by thefourpartland

The ninth installment of a 30k word short story set in The Four Part Land. It takes place 400 years in the past from the time of Tarranau and Chloddio, and details the collapse of Hymerodraeth Heula, the Empire of the Sun.

The next morning’s dawn saw the vanguard pulled up in the centre of the line of battle, with the main bulk of the army spread to the left and right in flanking wings, serried blocks many men deep. Across from them was the thinner, yet still large, line of the Lianese army, their banners and gear of a much more motley array than the cold, insectoid, armour of Bhreac Veryan. It looked to be an easy day, from a strategic view, for both sides had arrayed their forces in such a way as to state they wished to roll up one end of the opposition, crumpling them from the outside in, and at that Taflen nodded. It was the most basic, and the most common, strategy, especially when one force outnumbered another. He wondered what the Lianese might have in store to change the balance in their favour, but dismissed those thoughts when the horn sounded ‘Slow March’.

With the tramp of measured feet, the army of Bhreac Veryan surged into life, a rippling motion all along the shield wall as soldiers took their first step in time with the comrades to the left and the right. The whole great mass trundled forward, closing down the gap between them and their foe. A trumpet blew from amongst the Lianese, and they in turn stepped out, their banners cracking in the high breeze, the snap of a flag audible even over the rumble of marching troops. Soon there was but a quarter-mile between the two forces, and the horn for ‘Quick March’ rang out. Rhyfelwyr picked up his feet, and felt those around him do the same. As he did so, he let his hand draw out and cradle one of the glass globes that hung in leather pouches at his waist. Filled with glass dust and broken shards, they would fracture and spray their contents across those near the point of impact. These weapons were to be the opening salvo in the battle, much as they had been in wars past. All around, he sensed the unlimbering of weapons, as that quarter mile shrank away, and only a few hundred yards separated one foe from another. Across from him, he could see javelins and bows being pulled from their cases, held high in throwing hands in anticipation of the moment of release.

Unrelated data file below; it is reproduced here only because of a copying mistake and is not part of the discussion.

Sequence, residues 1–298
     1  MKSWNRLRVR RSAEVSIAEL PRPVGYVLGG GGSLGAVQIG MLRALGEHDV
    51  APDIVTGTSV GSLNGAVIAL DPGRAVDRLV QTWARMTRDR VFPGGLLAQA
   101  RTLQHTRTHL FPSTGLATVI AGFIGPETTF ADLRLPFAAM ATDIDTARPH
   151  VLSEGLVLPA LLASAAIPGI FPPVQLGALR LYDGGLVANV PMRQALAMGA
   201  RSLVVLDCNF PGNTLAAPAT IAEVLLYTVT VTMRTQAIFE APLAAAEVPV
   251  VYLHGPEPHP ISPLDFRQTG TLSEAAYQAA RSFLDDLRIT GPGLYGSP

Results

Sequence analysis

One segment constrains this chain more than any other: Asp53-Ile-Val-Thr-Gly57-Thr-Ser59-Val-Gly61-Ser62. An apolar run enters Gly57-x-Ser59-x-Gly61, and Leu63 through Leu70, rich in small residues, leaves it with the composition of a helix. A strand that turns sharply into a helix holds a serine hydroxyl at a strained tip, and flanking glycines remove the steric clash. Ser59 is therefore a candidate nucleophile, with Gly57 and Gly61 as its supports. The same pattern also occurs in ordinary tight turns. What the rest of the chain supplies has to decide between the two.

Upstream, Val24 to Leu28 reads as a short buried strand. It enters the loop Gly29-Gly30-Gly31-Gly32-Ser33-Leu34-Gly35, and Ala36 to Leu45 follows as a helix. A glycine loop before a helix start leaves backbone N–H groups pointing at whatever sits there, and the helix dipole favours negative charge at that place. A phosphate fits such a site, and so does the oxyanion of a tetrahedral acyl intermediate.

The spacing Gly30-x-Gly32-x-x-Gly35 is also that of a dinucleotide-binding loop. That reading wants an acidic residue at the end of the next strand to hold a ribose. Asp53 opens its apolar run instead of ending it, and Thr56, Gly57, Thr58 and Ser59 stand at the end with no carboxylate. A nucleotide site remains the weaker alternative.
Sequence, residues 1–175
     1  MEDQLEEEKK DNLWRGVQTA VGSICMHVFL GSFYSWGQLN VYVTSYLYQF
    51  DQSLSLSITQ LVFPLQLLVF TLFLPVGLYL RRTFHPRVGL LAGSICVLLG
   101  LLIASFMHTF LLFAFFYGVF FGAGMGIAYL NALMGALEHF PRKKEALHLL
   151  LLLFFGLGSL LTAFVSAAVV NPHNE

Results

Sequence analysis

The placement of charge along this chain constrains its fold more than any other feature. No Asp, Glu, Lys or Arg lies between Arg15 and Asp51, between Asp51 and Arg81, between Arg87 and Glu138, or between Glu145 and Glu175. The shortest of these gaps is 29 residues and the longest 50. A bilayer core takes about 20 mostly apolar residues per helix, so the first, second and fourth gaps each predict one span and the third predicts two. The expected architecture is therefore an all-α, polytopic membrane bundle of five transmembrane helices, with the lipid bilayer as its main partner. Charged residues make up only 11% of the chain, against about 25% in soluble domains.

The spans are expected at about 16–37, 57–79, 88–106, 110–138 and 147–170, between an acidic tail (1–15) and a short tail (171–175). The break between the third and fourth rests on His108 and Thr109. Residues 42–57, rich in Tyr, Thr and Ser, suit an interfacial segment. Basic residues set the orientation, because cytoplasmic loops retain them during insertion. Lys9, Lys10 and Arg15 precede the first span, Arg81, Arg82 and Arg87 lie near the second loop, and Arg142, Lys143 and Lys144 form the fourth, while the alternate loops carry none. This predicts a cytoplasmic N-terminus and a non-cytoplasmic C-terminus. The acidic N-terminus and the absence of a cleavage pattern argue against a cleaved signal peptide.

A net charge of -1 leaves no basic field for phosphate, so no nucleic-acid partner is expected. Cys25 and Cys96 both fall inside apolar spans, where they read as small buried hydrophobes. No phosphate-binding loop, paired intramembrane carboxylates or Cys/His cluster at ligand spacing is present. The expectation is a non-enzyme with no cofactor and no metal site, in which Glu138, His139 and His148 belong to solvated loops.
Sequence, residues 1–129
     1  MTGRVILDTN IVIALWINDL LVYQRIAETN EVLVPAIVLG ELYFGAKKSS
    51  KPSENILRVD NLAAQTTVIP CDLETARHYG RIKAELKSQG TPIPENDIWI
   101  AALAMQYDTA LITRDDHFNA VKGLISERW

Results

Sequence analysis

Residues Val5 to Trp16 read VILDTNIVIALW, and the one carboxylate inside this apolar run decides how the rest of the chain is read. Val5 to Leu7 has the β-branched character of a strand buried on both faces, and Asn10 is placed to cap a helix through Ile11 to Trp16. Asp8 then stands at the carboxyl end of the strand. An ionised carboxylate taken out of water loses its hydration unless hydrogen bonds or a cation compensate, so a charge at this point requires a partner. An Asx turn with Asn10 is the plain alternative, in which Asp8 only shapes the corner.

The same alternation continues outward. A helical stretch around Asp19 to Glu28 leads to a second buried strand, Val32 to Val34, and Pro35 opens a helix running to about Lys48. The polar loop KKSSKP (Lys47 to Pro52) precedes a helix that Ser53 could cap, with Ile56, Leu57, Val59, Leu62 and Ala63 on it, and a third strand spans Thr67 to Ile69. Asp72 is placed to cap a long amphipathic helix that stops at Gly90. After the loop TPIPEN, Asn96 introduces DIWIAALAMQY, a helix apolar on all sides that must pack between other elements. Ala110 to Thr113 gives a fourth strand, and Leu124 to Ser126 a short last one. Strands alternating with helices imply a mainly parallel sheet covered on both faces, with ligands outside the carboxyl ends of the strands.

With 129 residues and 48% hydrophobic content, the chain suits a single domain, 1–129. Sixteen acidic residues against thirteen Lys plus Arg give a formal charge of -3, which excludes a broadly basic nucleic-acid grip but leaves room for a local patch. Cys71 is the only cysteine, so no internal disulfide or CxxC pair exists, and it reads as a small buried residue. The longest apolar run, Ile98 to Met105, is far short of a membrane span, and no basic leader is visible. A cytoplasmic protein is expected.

The cry came for ‘Assault’, and the battle was upon them all.

Arrows and javelins flew through the air, and Rhy and those around him lifted their shields to catch the incoming darts. Most skipped off of shields and armour, but some found their way around, and the screams and groans of the injured and the dying began to fill the air. Locsyn and Rhy both felt the old sensations again, the weight of all their previous battles come forward to claim this moment as their own, to add it to the tally that they each carried within. A sigh escaped Locsyn’s lips at the sadness of it all, but he lowered his shield and threw his momentum into the toss, sending the glass sphere flying to burst in a cloud of painful dust across the enemy line. Others from Glanhaol Fflamboethi had done the same, and up and down the Lianese line, soldiers coughed and cursed and scratched at their throat and face, and some began coughing blood as the razor-edged clouds ripped apart their breathing.

The Veryan army paused its headlong rush, bracing itself to take the impact of the disorganized Lianese charge, the order of the front ranks ripped apart by the salvo of spheres. A quiet descended on the field for a moment, a quiet as if all the sound had been pulled away, only to return with a mighty crash as the thundering attack crunched into the shield wall of Glanhaol Fflamboethi. The shield wall bent, pushed back by the momentum of the attackers, but soon righted itself, and slowly began driving into the more lightly armoured Lianese soldiers.